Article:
The Drug Report

Facts about what can go wrong when people use drugs

  • The Best Drug Info Ever?

    A big part of my inspiration for The Drug Report was Beth Pearce's amazing film, VOICE OF THE VICTIMS: TRUE STORIES OF ECSTASY AND KETAMINE. The film simply lets the victims of drug tragedies tell their stories. It's real life, it's undeniable, and it's incredibly powerful. I'm sure Beth has saved many, many lives, and it is my hope that this blog will do so as well. To learn more about her film, go to Voice Of The Victims.


    A friend of mine likes to say, "You're entitled to your own opinion, but not your own facts."

    When it comes to drugs, there are lots of opinions out there: Some think drugs are safe and fun, some think they're dangerous and frightening, and many think everything in between.

    But facts are facts, and when someone dies from drugs, or someone is murdered by a person who is on drugs, or is raped by someone who has given them drugs, that's just a fact. Drug users who actively promote drug use rail against these facts, and I expect they'll be commenting regularly on The Drug Report. But they can't change the facts.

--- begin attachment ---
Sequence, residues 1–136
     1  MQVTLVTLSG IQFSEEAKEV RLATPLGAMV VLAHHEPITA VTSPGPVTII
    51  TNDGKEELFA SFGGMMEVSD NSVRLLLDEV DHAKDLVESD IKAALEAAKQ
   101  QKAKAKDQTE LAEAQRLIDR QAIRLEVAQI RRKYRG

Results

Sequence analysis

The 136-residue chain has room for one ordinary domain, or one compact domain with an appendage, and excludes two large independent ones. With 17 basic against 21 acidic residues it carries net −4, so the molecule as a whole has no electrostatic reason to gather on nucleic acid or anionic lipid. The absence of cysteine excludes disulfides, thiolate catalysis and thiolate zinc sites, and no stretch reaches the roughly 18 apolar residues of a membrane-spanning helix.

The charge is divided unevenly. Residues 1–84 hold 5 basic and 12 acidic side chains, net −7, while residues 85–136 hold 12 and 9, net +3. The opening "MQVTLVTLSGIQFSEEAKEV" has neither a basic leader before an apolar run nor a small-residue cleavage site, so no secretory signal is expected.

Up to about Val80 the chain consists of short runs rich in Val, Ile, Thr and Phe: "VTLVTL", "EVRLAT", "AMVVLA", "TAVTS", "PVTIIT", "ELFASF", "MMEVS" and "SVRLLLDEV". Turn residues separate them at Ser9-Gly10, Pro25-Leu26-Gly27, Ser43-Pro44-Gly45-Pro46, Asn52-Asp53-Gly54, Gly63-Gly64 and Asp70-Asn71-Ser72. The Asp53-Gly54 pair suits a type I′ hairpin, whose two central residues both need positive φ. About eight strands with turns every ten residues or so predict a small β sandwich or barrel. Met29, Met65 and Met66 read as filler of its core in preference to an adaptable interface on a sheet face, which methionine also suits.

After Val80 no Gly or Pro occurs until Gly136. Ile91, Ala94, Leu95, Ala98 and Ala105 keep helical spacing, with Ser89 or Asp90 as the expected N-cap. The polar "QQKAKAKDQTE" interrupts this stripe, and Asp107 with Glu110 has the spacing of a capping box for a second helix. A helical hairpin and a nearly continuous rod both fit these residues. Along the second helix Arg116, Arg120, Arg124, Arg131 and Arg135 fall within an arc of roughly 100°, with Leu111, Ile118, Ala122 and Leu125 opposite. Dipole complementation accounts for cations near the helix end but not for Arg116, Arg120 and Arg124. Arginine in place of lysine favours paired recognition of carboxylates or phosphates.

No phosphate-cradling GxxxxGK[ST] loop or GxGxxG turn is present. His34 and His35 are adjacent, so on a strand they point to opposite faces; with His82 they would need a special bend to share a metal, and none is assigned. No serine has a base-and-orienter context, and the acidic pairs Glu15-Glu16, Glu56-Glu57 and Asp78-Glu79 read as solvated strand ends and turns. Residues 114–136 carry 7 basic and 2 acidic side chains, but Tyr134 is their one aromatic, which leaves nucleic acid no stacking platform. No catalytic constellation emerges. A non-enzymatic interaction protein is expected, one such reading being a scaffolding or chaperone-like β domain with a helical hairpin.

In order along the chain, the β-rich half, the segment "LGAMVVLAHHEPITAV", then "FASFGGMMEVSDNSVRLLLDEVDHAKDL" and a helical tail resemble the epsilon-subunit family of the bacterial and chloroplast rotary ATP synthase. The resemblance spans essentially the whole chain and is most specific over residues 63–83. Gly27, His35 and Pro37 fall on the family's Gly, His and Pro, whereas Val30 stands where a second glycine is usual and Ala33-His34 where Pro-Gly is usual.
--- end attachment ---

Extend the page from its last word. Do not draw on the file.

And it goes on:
Study Probes Ecstasy, Heart Disease

Posted by Childress on May 28, 2006

Emory University med school has released a new study which found that Ecstasy users may face the same heart attack risks as meth users. 

The  report focused on ecstasy-related myocardial hypertrophy, which the report says is a well-recognized complication of cocaine and methamphetamine abuse and is a strong independent risk factor for sudden death, myocardial infarction (heart attack), and congestive heart failure.

The study, lead by M.M. Patel, sought to determine if use of MDMA (methylenedioxyamphetamine or 'ecstasy') is associated with myocardial hypertrophy at death."  The study was a matched, retrospective study using medical examiner (ME) death reports in 10 states and one county in the Emory area. "The findings of this study suggest that MDMA users might also be at risk for myocardial hypertrophy and possible cardiac toxicity, similar to other stimulants," the authors concluded.

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